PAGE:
If you haven’t started making your own homemade hummus, you’re totally missing out. It only takes about five minutes, you can adjust the taste to be juuuuuust the way you like it, and you can make a different flavor every week so that it never gets old! I promise, once you make your first batch of homemade hummus, you’ll never go back to store bought.
What is Hummus?
Hummus is a Middle Eastern chickpea dip or spread, made with just a few simple ingredients. At its most basic, hummus includes:
- Olive Oil
There are a million different things you can add into hummus and I have posted the basic recipe below, plus add-ins for three flavor variations (Jalapeño Cilantro, Roasted Red Pepper, and Parsley Scallion). I’ve also garnished my “original” flavor with a drizzle of olive oil, a sprinkle of paprika and a few whole chickpeas. All of that is completely optional.
How to Use Hummus
Hummus is great to keep in your fridge to eat as a snack with some pita bread, naan, vegetables, or chips, but it also makes a great spread for sandwiches, wraps, and loaded flatbreads. It has a really great richness and adds moisture so I find that it makes a great substitute for mayo or cheese. I also love adding hummus to scrambled eggs, using it in place of a pasta sauce, or even as an addition to pizza!
How Long Does Homemade Hummus Last?
Homemade hummus will stay good in your refrigerator for about 5 days. Unlike some store bought hummuses, homemade hummus does not contain any preservatives, so you’ll want to only make the amount you can eat within a five day time frame.
Can I Substitute the Tahini?
I strongly advise against substituting tahini in hummus. While many people substitute either peanut butter or almond butter for the tahini, they have very different flavors from tahini and this will definitely change the final flavor of your hummus. To get that true authentic hummus flavor, you definitely need to use tahini.
Can I Make Hummus in a Blender?
While you can make homemade hummus with some of the more powerful blenders available on the market (like Blentec or Vitamix), it might be too thick for many blenders to handle. I suggest using a food processor to make your hummus. You don’t need a heavy duty, expensive food processor, though. The Hamilton Beach model I use is fairly inexpensive for a food processor and is a total beast. I love it.
- 1 15oz. can chickpeas* ($0.79)
- 2 Tbsp olive oil ($0.26)
- 1/4 cup lemon juice ($0.182)
- 1/4 cup tahini ($0.85)
- 1 clove garlic ($0.08)
- 1/2 tsp salt ($0.05)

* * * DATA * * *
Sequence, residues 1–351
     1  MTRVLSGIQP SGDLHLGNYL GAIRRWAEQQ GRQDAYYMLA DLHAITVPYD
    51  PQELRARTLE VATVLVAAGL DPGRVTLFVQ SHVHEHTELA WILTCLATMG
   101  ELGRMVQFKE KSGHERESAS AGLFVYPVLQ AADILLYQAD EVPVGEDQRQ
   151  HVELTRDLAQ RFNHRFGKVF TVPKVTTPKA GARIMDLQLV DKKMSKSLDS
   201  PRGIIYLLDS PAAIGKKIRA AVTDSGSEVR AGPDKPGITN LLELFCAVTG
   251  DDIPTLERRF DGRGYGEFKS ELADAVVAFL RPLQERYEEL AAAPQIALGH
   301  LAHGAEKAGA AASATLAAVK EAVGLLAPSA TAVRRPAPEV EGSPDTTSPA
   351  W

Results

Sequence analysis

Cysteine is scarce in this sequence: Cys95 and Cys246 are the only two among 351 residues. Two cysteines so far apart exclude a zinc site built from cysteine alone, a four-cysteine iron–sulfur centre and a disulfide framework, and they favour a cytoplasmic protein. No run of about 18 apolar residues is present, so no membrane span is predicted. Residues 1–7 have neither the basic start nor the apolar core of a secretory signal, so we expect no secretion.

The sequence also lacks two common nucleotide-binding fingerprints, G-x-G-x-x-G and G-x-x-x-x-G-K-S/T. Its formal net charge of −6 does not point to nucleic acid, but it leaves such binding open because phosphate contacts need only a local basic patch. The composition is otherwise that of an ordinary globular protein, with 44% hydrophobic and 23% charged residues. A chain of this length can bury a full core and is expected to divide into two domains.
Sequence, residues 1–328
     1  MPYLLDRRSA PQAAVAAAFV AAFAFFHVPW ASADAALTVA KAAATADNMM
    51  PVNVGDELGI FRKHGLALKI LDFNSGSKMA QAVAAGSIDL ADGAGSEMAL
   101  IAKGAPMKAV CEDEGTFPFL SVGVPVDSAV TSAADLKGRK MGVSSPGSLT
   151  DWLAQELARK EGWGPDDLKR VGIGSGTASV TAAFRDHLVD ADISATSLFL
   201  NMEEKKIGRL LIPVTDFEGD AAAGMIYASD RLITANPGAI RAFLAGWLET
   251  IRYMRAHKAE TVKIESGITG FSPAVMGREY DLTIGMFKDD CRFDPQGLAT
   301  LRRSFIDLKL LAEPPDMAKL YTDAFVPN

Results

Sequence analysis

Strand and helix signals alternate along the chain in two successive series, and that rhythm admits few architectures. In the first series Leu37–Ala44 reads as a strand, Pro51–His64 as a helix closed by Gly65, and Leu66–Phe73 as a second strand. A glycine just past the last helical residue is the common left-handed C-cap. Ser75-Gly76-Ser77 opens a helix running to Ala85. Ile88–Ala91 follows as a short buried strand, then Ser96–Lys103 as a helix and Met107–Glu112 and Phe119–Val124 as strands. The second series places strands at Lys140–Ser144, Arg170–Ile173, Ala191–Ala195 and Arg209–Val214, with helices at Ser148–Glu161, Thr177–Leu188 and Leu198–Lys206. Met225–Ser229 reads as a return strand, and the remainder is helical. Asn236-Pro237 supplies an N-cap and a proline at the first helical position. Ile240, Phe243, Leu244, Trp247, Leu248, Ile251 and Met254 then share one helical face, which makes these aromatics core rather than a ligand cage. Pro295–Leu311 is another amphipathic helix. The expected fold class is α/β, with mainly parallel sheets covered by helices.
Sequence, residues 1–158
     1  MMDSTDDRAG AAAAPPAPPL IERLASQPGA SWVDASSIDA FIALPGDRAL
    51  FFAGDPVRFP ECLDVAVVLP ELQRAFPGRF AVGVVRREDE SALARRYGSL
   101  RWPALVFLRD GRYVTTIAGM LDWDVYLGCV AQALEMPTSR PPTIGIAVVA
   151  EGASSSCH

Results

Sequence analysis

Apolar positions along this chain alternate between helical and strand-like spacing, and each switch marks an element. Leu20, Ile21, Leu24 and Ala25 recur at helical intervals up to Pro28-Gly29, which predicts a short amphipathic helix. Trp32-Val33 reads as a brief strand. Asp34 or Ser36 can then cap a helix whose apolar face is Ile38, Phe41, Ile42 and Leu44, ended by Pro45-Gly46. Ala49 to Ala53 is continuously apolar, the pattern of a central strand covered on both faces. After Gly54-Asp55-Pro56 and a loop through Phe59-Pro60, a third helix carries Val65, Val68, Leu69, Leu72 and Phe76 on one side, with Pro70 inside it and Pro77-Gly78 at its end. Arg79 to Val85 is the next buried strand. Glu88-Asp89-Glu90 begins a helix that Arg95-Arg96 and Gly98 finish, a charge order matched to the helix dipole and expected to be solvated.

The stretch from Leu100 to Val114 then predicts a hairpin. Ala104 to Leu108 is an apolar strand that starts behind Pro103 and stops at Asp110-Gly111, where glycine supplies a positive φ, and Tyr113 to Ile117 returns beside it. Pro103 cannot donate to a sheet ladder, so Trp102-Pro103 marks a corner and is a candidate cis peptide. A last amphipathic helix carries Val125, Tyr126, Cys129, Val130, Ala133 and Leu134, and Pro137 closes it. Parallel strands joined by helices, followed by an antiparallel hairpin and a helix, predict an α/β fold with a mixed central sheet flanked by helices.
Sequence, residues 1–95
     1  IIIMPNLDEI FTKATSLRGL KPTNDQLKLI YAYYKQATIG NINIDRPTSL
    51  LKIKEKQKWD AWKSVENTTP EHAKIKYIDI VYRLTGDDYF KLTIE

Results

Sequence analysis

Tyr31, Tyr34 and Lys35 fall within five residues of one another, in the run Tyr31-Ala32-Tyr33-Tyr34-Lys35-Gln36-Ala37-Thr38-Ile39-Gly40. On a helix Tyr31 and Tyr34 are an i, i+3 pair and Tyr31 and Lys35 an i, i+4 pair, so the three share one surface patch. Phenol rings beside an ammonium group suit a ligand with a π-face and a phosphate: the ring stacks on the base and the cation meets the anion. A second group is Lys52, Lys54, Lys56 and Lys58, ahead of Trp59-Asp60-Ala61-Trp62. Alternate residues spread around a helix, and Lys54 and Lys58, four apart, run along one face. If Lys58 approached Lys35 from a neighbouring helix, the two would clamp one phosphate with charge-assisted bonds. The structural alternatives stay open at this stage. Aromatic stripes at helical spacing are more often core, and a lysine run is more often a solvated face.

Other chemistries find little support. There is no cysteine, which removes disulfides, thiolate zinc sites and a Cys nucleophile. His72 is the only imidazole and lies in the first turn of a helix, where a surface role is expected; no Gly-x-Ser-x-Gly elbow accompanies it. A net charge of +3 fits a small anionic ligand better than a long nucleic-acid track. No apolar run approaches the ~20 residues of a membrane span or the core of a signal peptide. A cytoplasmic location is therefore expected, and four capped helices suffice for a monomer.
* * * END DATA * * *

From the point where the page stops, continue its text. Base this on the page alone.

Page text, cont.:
- 1/4 tsp ground cumin ($0.03)
- Drain the chickpeas. Place the drained chickpeas in a food processor along with the olive oil, lemon juice, tahini, garlic, salt, and cumin.
- Pulse the mixture until it is fairly smooth. If the mixture is too dry to process smoothly, add a couple tablespoons of water, extra olive oil, or liquid from the canned chickpeas.
- Taste the hummus and adjust the salt, cumin, lemon, or garlic to your liking.
See how we calculate recipe costs here.
Scroll down for the step by step photos!
How to Make The Best Hummus – Step by Step Photos
Let’s start by taking a closer look at tahini. Tahini is like peanut butter but made with sesame seeds instead of peanuts. It even has a similar texture to natural style peanut butter, but a very different flavor. A flavor which is critical, IMHO, to getting an authentic hummus. Tahini has a slightly nutty, slightly bitter flavor that is totally unique. Some people use peanut butter in its place, but I find their flavors to be vastly different. Tahini is about twice the price of peanut butter, but you’ll only need a small amount at a time and it stays fresh in the refrigerator for quite some time (it may need an occasional stir). You can find tahini in grocery stores either near the peanut butter, near Mediterranean ingredients like olives and artichokes, or in the natural foods aisle.
Drain one 15oz. can of chickpeas and add them to a food processor along with 2 Tbsp olive oil, 1/4 cup lemon juice, 1/4 cup tahini, 1 clove of garlic, 1/2 tsp salt, and 1/4 tsp ground cumin. Pulse the ingredients until they become smooth. If the mixture is too dry to properly purée, add a couple tablespoons of water, olive oil, or even the drained juice from the canned chickpeas. Taste the hummus and adjust the salt, lemon, garlic, or cumin to your liking. And that’s it! That’s all it takes. You can garnish with a drizzle of olive oil and a sprinkle of sumac or paprika.
Jalapeño Cilantro Hummus
To make Jalapeño Cilantro Hummus, remove the stem from one jalapeño, slice it lengthwise, and scrape out the seeds with a spoon. Add the seeded jalapeño and about 1 cup fresh cilantro leaves to the food processor with your basic hummus and process until smooth. This hummus tastes great with a little extra cumin! You can also try roasting the jalapeños in the oven until soft and blistered for a more subtle flavor (don’t forget to remove the seeds).
Roasted Red Pepper Hummus
To make Roasted Red Pepper flavored hummus, simply add one to two roasted red pepper to a batch of plain Homemade Hummus and process until smooth. Make sure most of the liquid from the jar is drained from the pepper before adding it to the processor to avoid thinning out the hummus too much. This hummus tastes great with a little smoked paprika added to the mix!
Parsley Scallion Hummus
For Parsley Scallion Hummus, thinly slice three to four scallions (green onions) and pull about 1/2 cup of parsley leaves from their stems. Add the parsley and scallions to a food processor with a batch of plain hummus and process until smooth. This hummus is great with vegetables, as a sandwich spread, or even as a vegan pasta sauce!
What is your favorite flavor of Hummus? I might try adding some roasted garlic next!